The Birth of Merlin, or, the Childe Hath Found His Father
ACT V SCENE II
Enter Donobert, Gloster, and Hermit
Sincerely, Gloster, I have told you all:
My daughters are both vow'd to single life,
And this day gone unto the nunnery,
Though I begot them to another end,
And fairly promis'd them in marriage,
One to Earl Cador, t'other to your son,
My worthy friend, the Earl of Gloster.
Those lost, I am lost: they are lost, all's lost.
Answer me this, then: Ist a sin to marry?
Oh no, my lord.
Go to, then, Ile go no further with you;
I perswade you to no ill; perswade you, then,
That I perswade you well.
'Twill be a good office in you, sir.
Enter Cador and Edwin.
Which since they thus neglect,
My memory shall lose them now for ever.--
See, see, the noble lords, their promis'd husbands!
Had fate so pleas'd, you might have call'd me father.
Those hopes are past, my lord; for even this minute
We saw them both enter the monastery,
Secluded from the world and men for ever.
'Tis both our griefs we cannot, sir:
But from the king take you the times joy from us:
The Saxon king Ostorius slain and Octa fled,
That woman-fury, Queen Artesia,
Is fast in hold, and forc't to re-deliver
London and Winchester (which she had fortifi'd)
To princely Uter, lately styl'd Pendragon,
Who now triumphantly is marching hither
To be invested with the Brittain crown.
The joy of this shall banish from my breast
All thought that I was father to two children,
Two stubborn daughters, that have left me thus.
Let my old arms embrace, and call you sons,
For, by the honor of my fathers house,
I'le part my estate most equally betwixt you.
Sir, y'are most noble!
Florish. Trompet. Enter Edol with drum and colours, Oswold
bearing the standard, Toclio the sheild, with the red dragon pictur'd in'em, two
Bishops with the crown, Prince Uter, Merlin, Artesia bound, Guard, and Clown.
Set up our sheild and standard, noble soldiers.
We have firm hope that, tho' our dragon sleep,
Merlin will us and our fair kingdom keep.
As his uncle lives, I warrant you.
Happy restorer of the Brittains fame,
Uprising sun, let us salute thy glory:
Ride in a day perpetual about us,
And no night be in thy thrones zodiack.
Why do we stay to binde those princely browes
With this imperial honor?
Stay, noble Gloster:
That monster first must be expel'd our eye,
Or we shall take no joy in it.
If that be hindrance, give her quick judgement,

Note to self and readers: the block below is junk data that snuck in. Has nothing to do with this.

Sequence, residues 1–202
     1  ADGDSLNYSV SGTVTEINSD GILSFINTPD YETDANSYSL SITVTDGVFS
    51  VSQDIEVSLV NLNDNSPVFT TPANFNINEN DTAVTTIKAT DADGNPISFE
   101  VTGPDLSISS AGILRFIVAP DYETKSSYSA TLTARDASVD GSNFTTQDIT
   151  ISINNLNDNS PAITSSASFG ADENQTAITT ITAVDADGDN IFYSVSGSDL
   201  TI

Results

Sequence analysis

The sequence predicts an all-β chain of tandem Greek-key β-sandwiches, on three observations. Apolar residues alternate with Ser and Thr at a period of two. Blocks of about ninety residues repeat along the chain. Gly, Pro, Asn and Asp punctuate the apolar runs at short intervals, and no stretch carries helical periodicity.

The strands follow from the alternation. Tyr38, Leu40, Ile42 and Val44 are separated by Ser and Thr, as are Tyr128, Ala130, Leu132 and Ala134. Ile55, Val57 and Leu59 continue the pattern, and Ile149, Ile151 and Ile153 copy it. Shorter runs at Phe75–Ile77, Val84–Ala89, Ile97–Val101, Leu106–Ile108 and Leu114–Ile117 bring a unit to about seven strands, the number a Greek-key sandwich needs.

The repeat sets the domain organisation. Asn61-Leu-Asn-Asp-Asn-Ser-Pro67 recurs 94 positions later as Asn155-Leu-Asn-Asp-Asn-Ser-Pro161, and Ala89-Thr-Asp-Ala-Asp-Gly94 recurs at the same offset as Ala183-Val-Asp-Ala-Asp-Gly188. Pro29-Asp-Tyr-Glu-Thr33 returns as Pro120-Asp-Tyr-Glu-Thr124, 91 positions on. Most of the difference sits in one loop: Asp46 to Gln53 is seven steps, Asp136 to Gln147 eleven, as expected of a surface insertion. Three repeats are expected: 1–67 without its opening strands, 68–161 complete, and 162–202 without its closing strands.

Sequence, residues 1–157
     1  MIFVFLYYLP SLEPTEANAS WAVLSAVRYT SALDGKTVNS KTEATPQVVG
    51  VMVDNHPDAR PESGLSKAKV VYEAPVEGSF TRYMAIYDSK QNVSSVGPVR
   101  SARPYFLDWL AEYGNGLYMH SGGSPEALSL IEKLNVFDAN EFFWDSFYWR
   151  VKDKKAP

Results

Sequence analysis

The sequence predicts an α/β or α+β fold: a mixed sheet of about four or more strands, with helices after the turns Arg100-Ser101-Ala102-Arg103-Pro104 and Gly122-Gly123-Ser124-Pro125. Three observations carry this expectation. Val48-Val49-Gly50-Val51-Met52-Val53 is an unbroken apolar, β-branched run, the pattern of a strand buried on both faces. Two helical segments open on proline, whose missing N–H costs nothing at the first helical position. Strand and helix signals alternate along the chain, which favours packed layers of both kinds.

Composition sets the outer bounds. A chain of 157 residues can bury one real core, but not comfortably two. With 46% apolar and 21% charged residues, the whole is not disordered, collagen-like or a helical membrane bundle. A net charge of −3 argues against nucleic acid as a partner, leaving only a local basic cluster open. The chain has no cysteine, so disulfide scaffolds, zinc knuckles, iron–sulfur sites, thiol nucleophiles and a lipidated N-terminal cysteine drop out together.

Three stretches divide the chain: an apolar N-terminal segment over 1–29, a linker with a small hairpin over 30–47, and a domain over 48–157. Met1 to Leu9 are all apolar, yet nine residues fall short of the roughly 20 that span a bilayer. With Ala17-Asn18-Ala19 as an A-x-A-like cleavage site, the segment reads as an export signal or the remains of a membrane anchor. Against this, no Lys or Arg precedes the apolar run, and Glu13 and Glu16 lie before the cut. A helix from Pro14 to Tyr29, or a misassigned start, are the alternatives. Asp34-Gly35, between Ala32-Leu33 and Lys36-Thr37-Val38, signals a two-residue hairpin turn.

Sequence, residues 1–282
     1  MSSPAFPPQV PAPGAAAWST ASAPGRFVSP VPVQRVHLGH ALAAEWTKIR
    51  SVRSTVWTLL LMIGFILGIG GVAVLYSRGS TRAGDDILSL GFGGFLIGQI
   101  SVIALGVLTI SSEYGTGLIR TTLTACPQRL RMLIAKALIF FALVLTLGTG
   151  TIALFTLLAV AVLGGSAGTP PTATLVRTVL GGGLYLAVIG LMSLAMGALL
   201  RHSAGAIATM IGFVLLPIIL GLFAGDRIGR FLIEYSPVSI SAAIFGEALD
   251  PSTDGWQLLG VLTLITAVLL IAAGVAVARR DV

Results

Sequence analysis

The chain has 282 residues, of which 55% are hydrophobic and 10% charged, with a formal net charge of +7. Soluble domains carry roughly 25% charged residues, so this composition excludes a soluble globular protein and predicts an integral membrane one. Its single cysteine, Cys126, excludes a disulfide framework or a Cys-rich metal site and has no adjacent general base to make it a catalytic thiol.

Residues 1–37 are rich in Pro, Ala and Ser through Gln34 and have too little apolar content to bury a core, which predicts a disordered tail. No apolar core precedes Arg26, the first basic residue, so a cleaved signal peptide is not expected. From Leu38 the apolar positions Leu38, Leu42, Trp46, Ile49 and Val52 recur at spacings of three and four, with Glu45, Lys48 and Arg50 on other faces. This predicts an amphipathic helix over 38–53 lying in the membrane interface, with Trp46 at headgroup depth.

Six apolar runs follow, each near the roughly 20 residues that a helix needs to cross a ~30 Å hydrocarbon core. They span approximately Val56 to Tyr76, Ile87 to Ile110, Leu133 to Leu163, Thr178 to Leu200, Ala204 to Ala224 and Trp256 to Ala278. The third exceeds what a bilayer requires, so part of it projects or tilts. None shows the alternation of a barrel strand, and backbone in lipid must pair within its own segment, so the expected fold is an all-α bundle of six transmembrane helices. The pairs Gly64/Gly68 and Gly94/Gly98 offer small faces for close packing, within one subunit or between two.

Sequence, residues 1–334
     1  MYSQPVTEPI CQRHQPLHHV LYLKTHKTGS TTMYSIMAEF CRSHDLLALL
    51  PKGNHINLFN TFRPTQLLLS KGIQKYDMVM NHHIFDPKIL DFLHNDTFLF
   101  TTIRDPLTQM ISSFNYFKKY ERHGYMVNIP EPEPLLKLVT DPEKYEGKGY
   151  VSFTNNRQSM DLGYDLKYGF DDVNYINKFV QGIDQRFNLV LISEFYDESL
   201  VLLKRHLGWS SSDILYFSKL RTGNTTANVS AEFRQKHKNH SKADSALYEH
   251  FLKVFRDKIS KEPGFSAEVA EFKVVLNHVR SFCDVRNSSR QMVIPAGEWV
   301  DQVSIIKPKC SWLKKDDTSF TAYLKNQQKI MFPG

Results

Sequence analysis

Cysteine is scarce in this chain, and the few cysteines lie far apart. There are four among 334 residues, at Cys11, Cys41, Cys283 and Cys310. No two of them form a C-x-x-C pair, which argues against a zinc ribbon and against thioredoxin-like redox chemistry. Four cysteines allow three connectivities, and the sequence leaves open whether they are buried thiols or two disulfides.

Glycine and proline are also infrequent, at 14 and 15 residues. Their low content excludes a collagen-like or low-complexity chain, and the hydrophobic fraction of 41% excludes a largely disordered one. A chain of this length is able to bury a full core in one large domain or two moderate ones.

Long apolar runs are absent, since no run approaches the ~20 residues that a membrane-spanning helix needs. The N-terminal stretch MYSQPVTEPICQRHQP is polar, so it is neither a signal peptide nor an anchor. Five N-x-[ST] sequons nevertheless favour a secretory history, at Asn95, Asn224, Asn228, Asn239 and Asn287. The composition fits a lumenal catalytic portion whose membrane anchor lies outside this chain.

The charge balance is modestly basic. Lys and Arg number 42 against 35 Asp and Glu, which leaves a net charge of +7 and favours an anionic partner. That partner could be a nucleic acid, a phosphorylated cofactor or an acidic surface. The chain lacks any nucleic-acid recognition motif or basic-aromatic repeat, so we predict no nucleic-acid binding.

And send her hence to death; she has long deserv'd it.
Let my sentence stand for all: take her hence,
And stake her carcase in the burning sun,
Till it be parcht and dry, and then fley off
Her wicked skin, and stuff the pelt with straw
To be shown up and down at fairs and markets:
Two pence a piece to see so foul a monster
Will be a fair monopoly, and worth the begging.
Ha, ha, ha!
Dost laugh, Erictho?
Yes, at thy poor invention.
Is there no better torture-monger?
Burn her to dust.
That's a phoenix death, and glorious.
I, that's to good for her.
Alive she shall be buried, circled in a wall.
Thou murdress of a king, there starve to death.
Then Ile starve death when he comes for his prey,
And i'th' mean time Ile live upon your curses.
I, 'tis diet good enough; away with her.
With joy, my best of wishes is before;
Thy brother's poison'd, but I wanted more. (Exit.
Why does our prophet Merlin stand apart,
Sadly observing these our ceremonies,
And not applaud our joys with thy hid knowledge?
Let thy divining art now satisfie
Some part of my desires; for well I know,
'Tis in thy power to show the full event,
That shall both end our reign and chronicle.
Speak, learned Merlin, and resolve my fears,
Whether by war we shal expel the Saxons,
Or govern what we hold with beauteous peace
In Wales and Brittain?
Long happiness attend Pendragons reign!
What heaven decrees, fate hath no power to alter:
The Saxons, sir, will keep the ground they have,
And by supplying numbers still increase,
Till Brittain be no more. So please your grace,
I will in visible apparitions
Present you prophecies which shall concern
Succeeding princes which my art shall raise,
Till men shall call these times the latter days.
Do it, my Merlin,
And crown me with much joy and wonder.
Merlin strikes. Hoeboys. Enter a king in armour, his sheild
quarter'd with thirteen crowns. At the other door enter divers princes
who present their crowns to him at his feet, and do him homage; then enters
Death and strikes him; he, growing sick, crowns Constantine. Exeunt.
This king, my lord, presents your royal son,
Who in his prime of years shall be so fortunate,
That thirteen several princes shall present
Their several crowns unto him, and all kings else
Shall so admire his fame and victories,
That they shall all be glad,
Either through fear or love, to do him homage;
But death (who neither favors the weak nor valliant)
In the middest of all his glories soon shall seize him,
Scarcely permitting him to appoint one
In all his purchased kingdoms to succeed him.
Thanks to our prophet
For this so wish'd for satisfaction;
And hereby now we learn that always fate
Must be observ'd, what ever that decree:
All future times shall still record this story,
Of Merlin's learned worth and Arthur's glory. (Exeunt Omnes.
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